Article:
Disheartened attorney Mike Flaherty is moonlights as a high school wrestling coach. In the process of undertaking some questionable business deadlings to support his family, Flaherty comes across a star athlete. This is a dream come true, but then the boy's broke mother turns up, putting Flaherty's plans at risk.
With just two feature films under his belt, writer/director Tom McCarthy has already garnered a reputation as an excellent judge of character – or, to be precise, characters. With understated wit and poignancy, McCarthy elevated the story device of the unannounced houseguest into two enduring standouts of recent independent American cinema, The Station Agent (2003) and The Visitor (2008).
In Win Win, McCarthy mines similar territory with another depiction of the transformative impact of strangers. This time, he shifts the tone away from the quiet comedic moments of his earlier work, to aim for broad gags and plot conveniences that are the usual domain of small-screen situational comedy.
Paul Giamatti riffs on the 'weary everyman’ that has become his on-screen persona to inhabit the life of Mike Flaherty, a New Jersey lawyer, family man and high school wrestling coach whose general level of success with any of the aforementioned pursuits is middling at best.
Mike personifies that unique human state of 'paralysed proactivity’ – the type of knowing inaction that, frustratingly, is never as easy to justify to others as it is to yourself. Its manifestations have him skulking past the tree that leans ominously towards the front verandah, and throwing protective sheets over his law firm’s document archive as a workaround to an imminent plumbing catastrophe. These small-scale avoidances serve the story to hint at the way Mike is able to reconcile a serious ethical compromise that takes advantage of a senile client, Leo (Burt Young): Mike lobbies for legal guardianship of Leo as a means to receive a monthly carer’s stipend, and promptly contradicts his houseproud new charge’s wishes by shipping the old coot off to a nursing home.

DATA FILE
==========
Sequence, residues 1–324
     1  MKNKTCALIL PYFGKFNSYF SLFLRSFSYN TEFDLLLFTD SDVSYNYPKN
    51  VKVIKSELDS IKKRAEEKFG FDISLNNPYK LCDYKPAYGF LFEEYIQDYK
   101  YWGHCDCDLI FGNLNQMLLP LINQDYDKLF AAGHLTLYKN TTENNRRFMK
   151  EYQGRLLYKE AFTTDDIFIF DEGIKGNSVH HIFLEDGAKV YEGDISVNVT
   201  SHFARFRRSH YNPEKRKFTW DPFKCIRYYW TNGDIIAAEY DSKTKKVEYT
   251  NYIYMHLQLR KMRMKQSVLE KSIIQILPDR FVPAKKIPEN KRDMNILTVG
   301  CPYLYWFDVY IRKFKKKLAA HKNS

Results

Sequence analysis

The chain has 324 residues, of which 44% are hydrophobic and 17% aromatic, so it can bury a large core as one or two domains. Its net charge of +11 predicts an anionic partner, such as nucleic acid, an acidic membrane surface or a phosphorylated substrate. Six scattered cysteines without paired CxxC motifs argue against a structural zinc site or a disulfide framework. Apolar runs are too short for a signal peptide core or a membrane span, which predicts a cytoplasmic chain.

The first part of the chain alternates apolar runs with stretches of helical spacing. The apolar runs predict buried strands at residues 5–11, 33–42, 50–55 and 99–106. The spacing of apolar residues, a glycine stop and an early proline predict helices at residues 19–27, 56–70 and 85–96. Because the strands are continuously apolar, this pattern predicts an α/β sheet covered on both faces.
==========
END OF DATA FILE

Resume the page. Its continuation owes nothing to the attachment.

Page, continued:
As if to reassure the audience that Mike’s grubby handling of Leo is an uncharacteristic by-product of the economic downturn, McCarthy populates Mike’s world with two plain-talking Jersey natives – a supportive wife, Jackie (Amy Ryan) and an old friend, Terry (Bobby Cannavale) – whose inherent decency rubs off like a contact high on Mike and speaks to his general good nature.
Since there is never much doubt that Mike’s misdeeds will be exposed, the dramatic tension lies in the matter of when. The seeds of his eventual undoing are sown in the arrival of Leo’s fractured family: a runaway grandson, Kyle (Alex Shaffer), who camps with the Flaherty family as he reacquaints with his grandad; and an addicted and conflicted daughter, Cindy (Melanie Lynskey), who trails Kyle to claim Power of Attorney over Leo.
Of the two, it’s the defiant teen who subverts the Flaherty’s first impressions (Jackie’s early fears that he could do more than pass for Eminem are unfounded) and his as luck would have it, this rough diamond also happens to be a champion-grade wrestler who teaches Mike a lesson or two about fair play.
Win Win benefits from McCarthy’s obvious affection for his characters and their surrounds, but the easygoing screenplay coasts along on a sea of jovial jocularity, which wears thin over 106 mins. Perhaps it’s a natural consequence of the union of two artists who consistently tackle the same themes/characters, but the irony of the film’s title extends to both Giamatti and McCarthy and falls short of a 'win win’ for either of them.